In the latest dust up over educational policy, the Panel for Education Policy voted last night to approve the mayor's controversial plan to hold back eighth graders. As the NY Sun reports: "Middle-school students will have to pass two tests and four core subjects next year before they can move on to high school, under a new policy approved last night despite objections from two borough presidents and a crowd of rowdy parents who said they spoke on behalf of 5,000 city residents."
Now we're no fans of social promotion but our concern here is what the mayor's plan says about the success of the city's over all educational reform. As Norm Fruchter from the Annenberg Institute for School Reform commented in the Sun yesterday: "In his 2008 State of the City speech, Mr. Bloomberg argued that students in the third-, fifth-, and seventh-grade programs "rose to the challenge." But the mayor cited no evidence for this claim; indeed, no independent evidence exists. The school system contracted a national evaluation firm in 2004 to assess the effectiveness of its retention efforts, but findings are yet to be issued. Therefore this regime's latest effort to punish students before reforming their schools is based on no independent evidence that its previous retention programs have been successful."
And the data is even worse for black and Latino kids: "Worse, the racial achievement gap in reading among eighth-grade students has not closed during the Children First years; almost 70% of black and Latino eighth-graders are not reading at the New York State standard. According to the Department's own research, more than 60% of these students are likely to drop out in high school."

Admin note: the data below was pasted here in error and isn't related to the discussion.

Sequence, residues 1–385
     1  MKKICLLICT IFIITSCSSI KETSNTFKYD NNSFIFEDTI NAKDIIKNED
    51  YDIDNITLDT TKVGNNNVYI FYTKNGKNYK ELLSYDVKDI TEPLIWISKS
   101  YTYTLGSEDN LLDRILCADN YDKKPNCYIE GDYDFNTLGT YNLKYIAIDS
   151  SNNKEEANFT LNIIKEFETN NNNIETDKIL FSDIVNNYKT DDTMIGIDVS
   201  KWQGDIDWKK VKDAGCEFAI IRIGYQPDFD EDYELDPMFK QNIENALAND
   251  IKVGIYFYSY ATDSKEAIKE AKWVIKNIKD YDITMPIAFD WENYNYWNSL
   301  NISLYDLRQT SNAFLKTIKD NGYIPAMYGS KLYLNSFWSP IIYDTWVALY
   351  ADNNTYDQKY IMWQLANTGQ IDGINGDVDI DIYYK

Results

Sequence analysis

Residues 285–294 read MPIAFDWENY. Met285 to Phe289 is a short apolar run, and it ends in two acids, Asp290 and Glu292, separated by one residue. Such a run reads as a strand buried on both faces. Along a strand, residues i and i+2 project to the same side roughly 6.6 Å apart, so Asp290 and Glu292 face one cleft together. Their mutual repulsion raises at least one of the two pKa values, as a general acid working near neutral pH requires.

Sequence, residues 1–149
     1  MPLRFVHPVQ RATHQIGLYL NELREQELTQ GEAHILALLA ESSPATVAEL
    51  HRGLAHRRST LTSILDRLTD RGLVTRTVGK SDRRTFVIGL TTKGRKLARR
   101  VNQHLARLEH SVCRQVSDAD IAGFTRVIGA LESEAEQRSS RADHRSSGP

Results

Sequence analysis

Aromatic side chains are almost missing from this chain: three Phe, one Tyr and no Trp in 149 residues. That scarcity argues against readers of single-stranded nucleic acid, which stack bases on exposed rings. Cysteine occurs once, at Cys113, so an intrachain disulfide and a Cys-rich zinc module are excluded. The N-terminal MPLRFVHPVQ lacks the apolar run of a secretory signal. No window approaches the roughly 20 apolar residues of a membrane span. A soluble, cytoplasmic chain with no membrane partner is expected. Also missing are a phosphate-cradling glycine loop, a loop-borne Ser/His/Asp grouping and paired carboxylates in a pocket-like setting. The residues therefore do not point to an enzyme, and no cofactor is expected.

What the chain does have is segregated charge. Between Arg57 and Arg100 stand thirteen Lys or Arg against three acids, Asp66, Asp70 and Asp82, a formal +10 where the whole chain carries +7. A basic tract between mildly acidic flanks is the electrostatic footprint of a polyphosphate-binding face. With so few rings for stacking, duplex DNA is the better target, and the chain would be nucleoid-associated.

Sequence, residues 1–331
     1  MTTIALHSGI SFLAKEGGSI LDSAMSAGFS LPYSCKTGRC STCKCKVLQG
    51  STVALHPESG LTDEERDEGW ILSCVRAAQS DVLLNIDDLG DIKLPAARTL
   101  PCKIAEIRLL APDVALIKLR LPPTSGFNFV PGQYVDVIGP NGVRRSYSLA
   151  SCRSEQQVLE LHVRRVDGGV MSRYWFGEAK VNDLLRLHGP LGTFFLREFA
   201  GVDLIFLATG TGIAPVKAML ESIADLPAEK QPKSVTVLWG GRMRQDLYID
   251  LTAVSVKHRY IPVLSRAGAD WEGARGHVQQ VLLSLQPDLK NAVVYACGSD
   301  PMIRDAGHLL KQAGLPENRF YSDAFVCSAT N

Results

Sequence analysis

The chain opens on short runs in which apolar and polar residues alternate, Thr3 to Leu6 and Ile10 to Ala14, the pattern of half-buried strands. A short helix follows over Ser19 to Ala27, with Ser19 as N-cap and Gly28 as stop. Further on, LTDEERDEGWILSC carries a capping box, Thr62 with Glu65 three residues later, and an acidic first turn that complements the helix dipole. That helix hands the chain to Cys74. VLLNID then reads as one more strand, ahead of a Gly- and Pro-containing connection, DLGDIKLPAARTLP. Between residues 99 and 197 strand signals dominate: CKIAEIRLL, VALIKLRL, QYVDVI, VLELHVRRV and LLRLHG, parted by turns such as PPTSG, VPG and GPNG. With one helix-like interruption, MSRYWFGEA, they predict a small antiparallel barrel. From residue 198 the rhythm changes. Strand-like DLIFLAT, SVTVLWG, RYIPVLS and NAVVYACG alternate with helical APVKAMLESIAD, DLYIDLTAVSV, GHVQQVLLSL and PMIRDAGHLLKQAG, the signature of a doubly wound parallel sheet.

So, with educational reform high on the mayor's "judge me" agenda, what are we to make of all of this? Even with all of the flacks and incessant spinning on the educational issue, the facts remain bleak-a great deal of movement but no real progress. As Fruchter points out: "This new retention policy will not improve the skills of these poorly performing eighth-graders, or keep them from dropping out of high school. The chancellor estimates that some 18,000 eighth-graders currently are vulnerable to the proposed retention policy. Retaining and attempting to remediate those 18,000 students will not change pervasive and inadequate instructional practice in our system's middle schools. Another grade-level retention policy will not improve teacher and principal quality, or provide the range of personal supports that vulnerable middle school students need."
So shouldn't, as Fruchter says, the reform policies in the middle schools be allowed to work before this new retention policy was put into place? "If the Department of Education is indeed developing a plan to improve the city's middle schools, then why rush to implement a retention policy, especially one that is not backed up by research?"
All in all, another example of the failure of the Bloombergistas to do more than re-arrange the deck chairs on the DOE Titanic. We await the re-evaluation once the mayor vacates the bully pulpit.